1. KillianRussell
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    KillianRussell Contributing Member

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    Narrative shift

    Discussion in 'General Writing' started by KillianRussell, Apr 14, 2011.

    In a third person limited, when the p.o.v. character splits but the scene continues is where a chapter break would be in order to alter narrative perspective .

    Case in point: My flesh eating ghoul has raped and pilliaged for 3500 words before fleeing back to his lair.

    When the Doctor (really a Japanese Vampire in disguise)
    tends to the wounded, I can not expose his inner plot to kill the survivors without a chapter break in the 1000 word ending ?
     
  2. popsicledeath
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    popsicledeath Banned

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    Scene break, not necessarily a chapter break.

    Though, it may feel awkward if your entire novel is written in a limited, third person of a ghoul, and only 1k words are written outside that perspective. If you're giving a two-perspective sort of story, and the Japanese-vampire-in-disguise doctor's story really matters, it should have more focus than 1k words to be effective, most likely.

    So, yeah, a scene break is what you need, as scene breaks and page or chapter breaks are different things, so it's not an either/or situation. If you've been going with an alternating chapter format, one from the ghoul, one from the doctor, then consider just having a short chapter, as there's really no rule against it and it may be less confusing than a scene break having to re-establish the pov into a new character right at the end of a chapter.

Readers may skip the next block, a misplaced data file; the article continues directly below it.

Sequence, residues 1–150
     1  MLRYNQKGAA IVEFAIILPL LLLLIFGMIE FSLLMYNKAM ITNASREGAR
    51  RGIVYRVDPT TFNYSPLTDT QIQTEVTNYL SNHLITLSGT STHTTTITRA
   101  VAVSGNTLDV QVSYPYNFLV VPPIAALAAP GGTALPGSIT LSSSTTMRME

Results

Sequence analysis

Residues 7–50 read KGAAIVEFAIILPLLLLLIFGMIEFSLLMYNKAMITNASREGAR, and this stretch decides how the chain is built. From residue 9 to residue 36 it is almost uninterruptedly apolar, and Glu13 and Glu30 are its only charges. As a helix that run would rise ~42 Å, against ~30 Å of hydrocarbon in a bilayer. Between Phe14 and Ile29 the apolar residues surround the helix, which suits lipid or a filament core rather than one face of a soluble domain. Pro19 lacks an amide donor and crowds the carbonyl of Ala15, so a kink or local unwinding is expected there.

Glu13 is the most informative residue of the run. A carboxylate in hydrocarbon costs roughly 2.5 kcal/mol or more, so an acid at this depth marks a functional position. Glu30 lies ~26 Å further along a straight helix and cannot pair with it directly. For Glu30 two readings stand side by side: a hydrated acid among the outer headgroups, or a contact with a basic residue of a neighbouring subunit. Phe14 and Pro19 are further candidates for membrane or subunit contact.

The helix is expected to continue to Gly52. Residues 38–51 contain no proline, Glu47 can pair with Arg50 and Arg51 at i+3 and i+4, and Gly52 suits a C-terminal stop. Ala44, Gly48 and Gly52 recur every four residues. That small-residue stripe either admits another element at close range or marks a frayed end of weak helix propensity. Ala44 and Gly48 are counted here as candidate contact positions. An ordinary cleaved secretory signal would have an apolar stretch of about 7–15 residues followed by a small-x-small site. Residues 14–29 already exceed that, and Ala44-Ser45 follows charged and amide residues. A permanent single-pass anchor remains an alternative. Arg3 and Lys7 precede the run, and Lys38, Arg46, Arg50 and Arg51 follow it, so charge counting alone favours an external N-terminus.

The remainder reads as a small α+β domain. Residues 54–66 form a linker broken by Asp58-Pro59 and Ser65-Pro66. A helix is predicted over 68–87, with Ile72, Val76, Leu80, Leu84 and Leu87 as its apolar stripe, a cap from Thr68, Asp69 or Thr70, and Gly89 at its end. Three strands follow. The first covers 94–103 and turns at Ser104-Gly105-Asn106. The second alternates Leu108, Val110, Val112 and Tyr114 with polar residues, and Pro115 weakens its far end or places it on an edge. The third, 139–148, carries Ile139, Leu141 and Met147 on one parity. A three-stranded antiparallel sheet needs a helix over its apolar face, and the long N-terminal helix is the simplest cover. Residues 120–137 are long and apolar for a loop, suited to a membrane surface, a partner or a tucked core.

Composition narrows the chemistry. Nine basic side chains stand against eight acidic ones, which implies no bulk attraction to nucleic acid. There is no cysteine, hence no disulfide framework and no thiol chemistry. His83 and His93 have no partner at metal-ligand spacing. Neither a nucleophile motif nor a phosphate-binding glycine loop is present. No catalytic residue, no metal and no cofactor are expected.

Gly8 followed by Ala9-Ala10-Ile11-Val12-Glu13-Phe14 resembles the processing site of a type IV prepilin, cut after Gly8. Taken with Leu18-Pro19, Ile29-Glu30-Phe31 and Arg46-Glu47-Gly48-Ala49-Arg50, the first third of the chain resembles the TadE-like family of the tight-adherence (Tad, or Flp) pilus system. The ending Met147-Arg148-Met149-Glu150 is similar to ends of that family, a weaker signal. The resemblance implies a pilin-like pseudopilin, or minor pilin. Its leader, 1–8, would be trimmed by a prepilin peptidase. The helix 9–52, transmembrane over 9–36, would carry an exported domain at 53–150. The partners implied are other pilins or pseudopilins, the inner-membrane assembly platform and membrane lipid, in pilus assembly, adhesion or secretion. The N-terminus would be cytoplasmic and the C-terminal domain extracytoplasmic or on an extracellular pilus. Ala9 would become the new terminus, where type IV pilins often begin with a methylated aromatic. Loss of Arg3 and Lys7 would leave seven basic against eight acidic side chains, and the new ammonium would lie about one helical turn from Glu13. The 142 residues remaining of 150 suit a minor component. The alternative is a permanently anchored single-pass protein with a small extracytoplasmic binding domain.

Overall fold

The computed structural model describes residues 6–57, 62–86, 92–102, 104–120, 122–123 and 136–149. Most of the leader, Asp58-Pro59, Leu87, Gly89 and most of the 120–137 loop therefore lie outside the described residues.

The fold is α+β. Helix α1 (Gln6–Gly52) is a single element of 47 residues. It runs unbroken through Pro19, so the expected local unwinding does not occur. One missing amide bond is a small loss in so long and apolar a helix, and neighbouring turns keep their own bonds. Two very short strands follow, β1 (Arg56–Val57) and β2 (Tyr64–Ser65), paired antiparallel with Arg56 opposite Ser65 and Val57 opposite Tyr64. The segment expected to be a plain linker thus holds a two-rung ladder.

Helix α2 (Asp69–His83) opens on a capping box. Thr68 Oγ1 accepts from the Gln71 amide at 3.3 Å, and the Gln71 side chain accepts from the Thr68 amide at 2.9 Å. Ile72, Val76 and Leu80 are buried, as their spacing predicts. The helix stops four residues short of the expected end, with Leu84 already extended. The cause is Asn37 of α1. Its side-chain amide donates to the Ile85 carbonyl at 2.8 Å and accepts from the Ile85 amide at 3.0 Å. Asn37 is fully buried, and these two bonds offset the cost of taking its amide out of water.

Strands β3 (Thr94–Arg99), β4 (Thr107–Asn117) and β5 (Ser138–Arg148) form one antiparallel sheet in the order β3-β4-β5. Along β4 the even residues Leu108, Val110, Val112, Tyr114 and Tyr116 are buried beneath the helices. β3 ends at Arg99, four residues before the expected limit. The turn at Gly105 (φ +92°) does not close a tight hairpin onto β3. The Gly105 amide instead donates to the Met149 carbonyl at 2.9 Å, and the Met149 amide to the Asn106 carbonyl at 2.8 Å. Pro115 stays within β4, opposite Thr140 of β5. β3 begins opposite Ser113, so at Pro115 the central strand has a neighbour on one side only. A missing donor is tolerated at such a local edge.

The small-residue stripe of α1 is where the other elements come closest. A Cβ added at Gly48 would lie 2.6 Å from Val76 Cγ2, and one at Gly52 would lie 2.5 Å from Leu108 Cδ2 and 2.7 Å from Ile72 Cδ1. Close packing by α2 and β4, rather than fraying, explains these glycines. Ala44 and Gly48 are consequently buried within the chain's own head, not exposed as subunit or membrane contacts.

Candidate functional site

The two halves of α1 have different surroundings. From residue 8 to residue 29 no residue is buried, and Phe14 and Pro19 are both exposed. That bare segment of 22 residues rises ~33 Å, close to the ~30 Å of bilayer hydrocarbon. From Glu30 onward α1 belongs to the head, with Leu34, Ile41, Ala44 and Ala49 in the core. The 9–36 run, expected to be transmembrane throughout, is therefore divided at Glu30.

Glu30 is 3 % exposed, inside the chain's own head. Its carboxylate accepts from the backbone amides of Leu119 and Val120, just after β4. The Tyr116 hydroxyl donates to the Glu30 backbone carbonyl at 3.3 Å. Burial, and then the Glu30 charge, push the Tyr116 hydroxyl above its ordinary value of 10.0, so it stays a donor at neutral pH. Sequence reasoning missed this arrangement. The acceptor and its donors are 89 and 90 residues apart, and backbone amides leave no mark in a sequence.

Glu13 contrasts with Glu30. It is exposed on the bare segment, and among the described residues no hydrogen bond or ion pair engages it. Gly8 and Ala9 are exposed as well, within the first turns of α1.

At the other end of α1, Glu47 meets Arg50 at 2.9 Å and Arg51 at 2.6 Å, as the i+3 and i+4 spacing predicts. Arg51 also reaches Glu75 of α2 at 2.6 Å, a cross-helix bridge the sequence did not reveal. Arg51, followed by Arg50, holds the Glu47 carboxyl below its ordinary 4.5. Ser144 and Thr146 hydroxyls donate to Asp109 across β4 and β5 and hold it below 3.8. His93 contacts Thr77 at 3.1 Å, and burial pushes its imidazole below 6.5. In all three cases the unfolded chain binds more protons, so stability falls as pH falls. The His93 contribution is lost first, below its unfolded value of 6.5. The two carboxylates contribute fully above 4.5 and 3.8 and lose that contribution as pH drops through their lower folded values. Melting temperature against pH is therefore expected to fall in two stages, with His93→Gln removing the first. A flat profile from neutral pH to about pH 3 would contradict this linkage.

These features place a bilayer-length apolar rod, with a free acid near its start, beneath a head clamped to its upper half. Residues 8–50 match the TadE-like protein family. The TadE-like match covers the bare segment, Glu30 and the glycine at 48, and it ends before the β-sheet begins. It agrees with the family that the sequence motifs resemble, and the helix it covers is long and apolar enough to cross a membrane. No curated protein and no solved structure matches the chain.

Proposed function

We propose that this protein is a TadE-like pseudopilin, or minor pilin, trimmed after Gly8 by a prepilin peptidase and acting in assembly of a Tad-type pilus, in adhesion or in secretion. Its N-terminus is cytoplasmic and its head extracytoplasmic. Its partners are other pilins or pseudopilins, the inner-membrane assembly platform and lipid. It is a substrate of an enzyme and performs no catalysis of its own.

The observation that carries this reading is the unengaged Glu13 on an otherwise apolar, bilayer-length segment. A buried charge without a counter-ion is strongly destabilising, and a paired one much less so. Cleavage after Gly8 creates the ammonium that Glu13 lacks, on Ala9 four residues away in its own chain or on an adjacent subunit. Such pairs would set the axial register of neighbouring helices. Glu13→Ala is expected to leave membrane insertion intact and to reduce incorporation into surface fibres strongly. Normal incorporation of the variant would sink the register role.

3. Tesoro
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    Tesoro Contributing Member Contributor

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    I see people using different pOVs without a blank space between them. But wouldn't that interrupt the scene? What would be the right/professional way of shifting then? so many writers seem to do this way and I don't like to read it because sometimes I have to go back to see who's head i'm in :)
     
  4. popsicledeath
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    popsicledeath Banned

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    Exactly. If you're having to spend effort figuring out who's even thinking something or what details are from which character's perspective, then the writer isn't doing their job. That's why the scene break is a simple, but elegant solution, as it clues the reader into the possibility of a switch in pov or perspective. Note that it's only a possibility, as the writer still has to ground the opening of a new scene in the pov and perspective, of course.

    And if the writer is working in an omni, third person pov, it may be perfectly acceptable for them to be giving various perspectives and it not technically being a pov shift/break. Though, there's a reason it's often done by amateurs and these days, at least, rarely done by professionals.
     

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